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The PRISMA Statement For Reporting Systematic Reviews And Meta-Analyses Of Studies That Evaluate Health Care Interventions: Explanation And Elaboration

A. Liberati, D. Altman, J. Tetzlaff, C. Mulrow, Peter C. Gtzsche, J. Ioannidis, M. Clarke, P. Devereaux, J. Kleijnen, D. Moher
Published 2009 · Medicine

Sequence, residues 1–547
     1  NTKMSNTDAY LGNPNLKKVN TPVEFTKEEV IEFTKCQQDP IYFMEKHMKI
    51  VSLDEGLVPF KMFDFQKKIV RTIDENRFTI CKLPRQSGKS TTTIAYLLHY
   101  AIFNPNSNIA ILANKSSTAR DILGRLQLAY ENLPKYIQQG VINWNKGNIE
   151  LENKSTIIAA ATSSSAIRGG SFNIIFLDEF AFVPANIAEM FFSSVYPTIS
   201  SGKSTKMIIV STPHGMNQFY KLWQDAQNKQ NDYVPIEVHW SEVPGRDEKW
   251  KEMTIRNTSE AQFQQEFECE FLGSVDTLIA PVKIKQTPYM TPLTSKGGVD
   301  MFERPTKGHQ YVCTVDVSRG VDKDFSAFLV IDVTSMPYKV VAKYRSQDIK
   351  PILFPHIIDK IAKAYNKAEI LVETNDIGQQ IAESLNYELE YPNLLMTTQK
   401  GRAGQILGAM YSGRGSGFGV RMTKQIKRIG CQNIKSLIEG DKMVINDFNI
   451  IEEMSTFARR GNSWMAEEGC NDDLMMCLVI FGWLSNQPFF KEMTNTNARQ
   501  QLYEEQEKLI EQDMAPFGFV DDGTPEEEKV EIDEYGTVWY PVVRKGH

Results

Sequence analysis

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Editor's Note: In order to encourage dissemination of the PRISMA explanatory paper, this article is freely accessible on the Annals of Internal Medicine, PLoS Medicine, and BMJ Web sites. The authors jointly hold the copyright of this article. For details on further use, see the PRISMA Web site ( Systematic reviews and meta-analyses are essential tools for summarizing evidence accurately and reliably. They help clinicians keep up-to-date; provide evidence for policy makers to judge risks, benefits, and harms of health care behaviors and interventions; gather together and summarize related research for patients and their carers; provide a starting point for clinical practice guideline developers; provide summaries of previous research for funders wishing to support new research (1); and help editors judge the merits of publishing reports of new studies (2). Recent data suggest that at least 2,500 new systematic reviews reported in English are indexed in MEDLINE annually (3). Unfortunately, there is considerable evidence that key information is often poorly reported in systematic reviews, thus diminishing their potential usefulness (36). As is true for all research, systematic reviews should be reported fully and transparently to allow readers to assess the strengths and weaknesses of the investigation (7). That rationale led to the development of the QUOROM (QUality Of Reporting Of Meta-analysis) Statement; those detailed reporting recommendations were published in 1999 (8). In this paper we describe the updating of that guidance. Our aim is to ensure clear presentation of what was planned, done, and found in a systematic review. Terminology used to describe systematic reviews and meta-analyses has evolved over time and varies across different groups of researchers and authors (see Box 1). In this document we adopt the definitions used by the Cochrane Collaboration (9). A systematic review attempts to collate all empirical evidence that fits pre-specified eligibility criteria to answer a specific research question. It uses explicit, systematic methods that are selected to minimize bias, thus providing reliable findings from which conclusions can be drawn and decisions made. Meta-analysis is the use of statistical methods to summarize and combine the results of independent studies. Many systematic reviews contain meta-analyses, but not all. Box 1. Terminology. The QUOROM Statement and Its Evolution Into PRISMA The QUOROM Statement, developed in 1996 and published in 1999 (8), was conceived as a reporting guidance for authors reporting a meta-analysis of randomized trials. Since then, much has happened. First, knowledge about the conduct and reporting of systematic reviews has expanded considerably. For example, The Cochrane Library's Methodology Register (which includes reports of studies relevant to the methods for systematic reviews) now contains more than 11,000 entries (March 2009). Second, there have been many conceptual advances, such as outcome-level assessments of the risk of bias (10, 11), that apply to systematic reviews. Third, authors have increasingly used systematic reviews to summarize evidence other than that provided by randomized trials. However, despite advances, the quality of the conduct and reporting of systematic reviews remains well short of ideal (36). All of these issues prompted the need for an update and expansion of the QUOROM Statement. Of note, recognizing that the updated statement now addresses the above conceptual and methodological issues and may also have broader applicability than the original QUOROM Statement, we changed the name of the reporting guidance to PRISMA (Preferred Reporting Items for Systematic reviews and Meta-Analyses). Development of PRISMA The PRISMA Statement was developed by a group of 29 review authors, methodologists, clinicians, medical editors, and consumers (12). They attended a three-day meeting in 2005 and participated in extensive post-meeting electronic correspondence. A consensus process that was informed by evidence, whenever possible, was used to develop a 27-item checklist (Table 1; see also Table S1, for a downloadable template checklist for researchers to re-use) and a four-phase flow diagram (Figure 1; see also Figure S1, for a downloadable template document for researchers to re-use). Items deemed essential for transparent reporting of a systematic review were included in the checklist. The flow diagram originally proposed by QUOROM was also modified to show numbers of identified records, excluded articles, and included studies. After 11 revisions the group approved the checklist, flow diagram, and this explanatory paper. Table S1. Template checklist Figure S1. Template document Table 1. Checklist of Items to Include When Reporting a Systematic Review (With or Without Meta-Analysis) Figure 1. Flow of information through the different phases of a systematic review. The PRISMA Statement itself provides further details regarding its background and development (12). This accompanying Explanation and Elaboration document explains the meaning and rationale for each checklist item. A few PRISMA Group participants volunteered to help draft specific items for this document, and four of these (DGA, AL, DM, and JT) met on several occasions to further refine the document, which was circulated and ultimately approved by the larger PRISMA Group. Scope of PRISMA PRISMA focuses on ways in which authors can ensure the transparent and complete reporting of systematic reviews and meta-analyses. It does not address directly or in a detailed manner the conduct of systematic reviews, for which other guides are available (1316). We developed the PRISMA Statement and this explanatory document to help authors report a wide array of systematic reviews to assess the benefits and harms of a health care intervention. We consider most of the checklist items relevant when reporting systematic reviews of non-randomized studies assessing the benefits and harms of interventions. However, we recognize that authors who address questions relating to etiology, diagnosis, or prognosis, for example, and who review epidemiological or diagnostic accuracy studies may need to modify or incorporate additional items for their systematic reviews. How To Use This Paper We modeled this Explanation and Elaboration document after those prepared for other reporting guidelines (1719). To maximize the benefit of this document, we encourage people to read it in conjunction with the PRISMA Statement (11). We present each checklist item and follow it with a published exemplar of good reporting for that item. (We edited some examples by removing citations or Web addresses, or by spelling out abbreviations.) We then explain the pertinent issue, the rationale for including the item, and relevant evidence from the literature, whenever possible. No systematic search was carried out to identify exemplars and evidence. We also include seven Boxes that provide a more comprehensive explanation of certain thematic aspects of the methodology and conduct of systematic reviews. Although we focus on a minimal list of items to consider when reporting a systematic review, we indicate places where additional information is desirable to improve transparency of the review process. We present the items numerically from 1 to 27; however, authors need not address items in this particular order in their reports. Rather, what is important is that the information for each item is given somewhere within the report. The PRISMA Checklist Title and Abstract Item 1: Title Identify the report as a systematic review, meta-analysis, or both. Examples Recurrence rates of video-assisted thoracoscopic versus open surgery in the prevention of recurrent pneumothoraces: a systematic review of randomised and non-randomised trials (20). Mortality in randomized trials of antioxidant supplements for primary and secondary prevention: systematic review and meta-analysis (21). Explanation Authors should identify their report as a systematic review or meta-analysis. Terms such as review or overview do not describe for readers whether the review was systematic or whether a meta-analysis was performed. A recent survey found that 50% of 300 authors did not mention the terms systematic review or meta-analysis in the title or abstract of their systematic review (3). Although sensitive search strategies have been developed to identify systematic reviews (22), inclusion of the terms systematic review or meta-analysis in the title may improve indexing and identification. We advise authors to use informative titles that make key information easily accessible to readers. Ideally, a title reflecting the PICOS approach (participants, interventions, comparators, outcomes, and study design) (see Item 11 and Box 2) may help readers as it provides key information about the scope of the review. Specifying the design(s) of the studies included, as shown in the examples, may also help some readers and those searching databases. Box 2. Helping To Develop the Research Question(s): The PICOS Approach. Some journals recommend indicative titles that indicate the topic matter of the review, while others require declarative titles that give the review's main conclusion. Busy practitioners may prefer to see the conclusion of the review in the title, but declarative titles can oversimplify or exaggerate findings. Thus, many journals and methodologists prefer indicative titles as used in the examples above. Item 2: Structured Summary Provide a structured summary including, as applicable: background; objectives; data sources; study eligibility criteria, participants, and interventions; study appraisal and synthesis methods; results; limitations; conclusions and implications of key findings; funding for the systematic review; and systematic review registration number. Example Context: The role and dose of oral vitamin D supplementation in nonvert